A throw of the dice: we round off the main articles with a lovely piece of whimsy by one of those who appeared in issue 1. Well-known US gamer and blogger Bill Protz has provided a delightful report from the Academy of Dice Mechanics, and you are likely to recognise your own dicey habits here.

Recce: a final round-up of the latest products and services before it girds its loins for a new home over in MW.

Thoughts from the armchair: a last musing from Mr Siggins, who as always shares his thoughts as one of the ‘everymen’ of the hobby, plagued by highs and lows and the flapping of butterfly wings, and even the dreaded threat of modelrailwayitis… Fear not, you’ll be seeing Mr Siggins again!

The Battlegames Combat Stress Appeal: let me assure you that the Appeal will be transposed lock, stock and two smoking barrels across to Miniature Wargames, especially since momentum seems to be gathering again. News is included of the next Combat Stress Commemorative Miniature auction that will begin in just a couple of weeks time.

And so, that really is all, folks!

A huge thank you to all of you for your support over seven rather exciting and, err, ‘interesting’ years. New challenges await – including a new Miniature Wargames FaceBook page which I am about to start building:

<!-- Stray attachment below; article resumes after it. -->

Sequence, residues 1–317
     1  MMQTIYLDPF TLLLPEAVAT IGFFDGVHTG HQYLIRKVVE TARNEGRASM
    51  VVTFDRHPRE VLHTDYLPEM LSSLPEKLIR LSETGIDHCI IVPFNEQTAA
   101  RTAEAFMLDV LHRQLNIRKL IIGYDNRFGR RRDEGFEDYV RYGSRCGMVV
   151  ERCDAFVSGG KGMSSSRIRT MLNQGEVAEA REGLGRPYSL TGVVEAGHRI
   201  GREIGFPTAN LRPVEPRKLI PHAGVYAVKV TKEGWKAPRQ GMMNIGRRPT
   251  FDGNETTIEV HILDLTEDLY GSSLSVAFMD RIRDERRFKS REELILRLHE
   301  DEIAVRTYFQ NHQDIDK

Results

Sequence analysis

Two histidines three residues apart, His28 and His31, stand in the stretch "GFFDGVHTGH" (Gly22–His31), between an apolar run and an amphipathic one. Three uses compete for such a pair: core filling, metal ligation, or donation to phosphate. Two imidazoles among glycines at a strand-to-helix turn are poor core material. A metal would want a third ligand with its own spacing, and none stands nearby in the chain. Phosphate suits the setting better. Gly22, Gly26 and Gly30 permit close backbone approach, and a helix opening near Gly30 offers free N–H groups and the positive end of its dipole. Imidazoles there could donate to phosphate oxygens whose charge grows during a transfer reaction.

I’m also opening a new Twitter account @MiniatureWG but of course I shall also keep the Battlegames accounts alive – there will be more to come under this name, as promised.

Oh, and I’ve got something to say to digital subscribers.




For real. Watch this space…


  1. I read the online version yesterday – another great magazine. Thank you very much for the tremendous stuff you have pushed out over the last years, and best of luck running Miniature Wargames.


  2. Ah well. Despite my hobbies and my teenage son, I have never quite made that final break from the 1970s and actually gone and purchased a smart phone. No i-anything, I’m afraid – and the only android here is to be found in my son’s room, on his cell phone. Heck, I even purchased a used AT&T 500-series phone for my landline a few months back. Nice ring to it, but I don’t think I am going to be using it to access the itunes store any time soon.

  3. How DOES one go about ordering a PDF version of your final ‘zine? I want to expose myself once more to Ms. Pollard’s… deathless prose. Seriously, I want to see what she has to say, and since it’s plain I won’t be seeing it on HER blog, I will cheerfully pay for a copy of Issue 34.

    Good luck with the new effort, too!

  4. Looks and excellent and fitting final issue. Looking forward to it and to the new MW. The future is bright and hopefully has some red in it somewhere! 🙂

  5. I have every issue on my shelf. It will be sadly missed, but I look forward to the future with optimism. Well done and keep it up. Sic Transit Gloria Swanson

  6. I, too, will be sorry to see the Battlegames name disappear, but I know its spirit will survive in the new MW under your editorship, Henry. The last issue looks a fitting finale – as Dan Duryea’s character says in ‘Six Black Horses’, “When I go, I want to slam the door behind me!”

  7. Sad to see the Battlegames title go but excited about the future. I’m sure the merger will just make Miniature Wargames an even stronger and better magazine than it already is.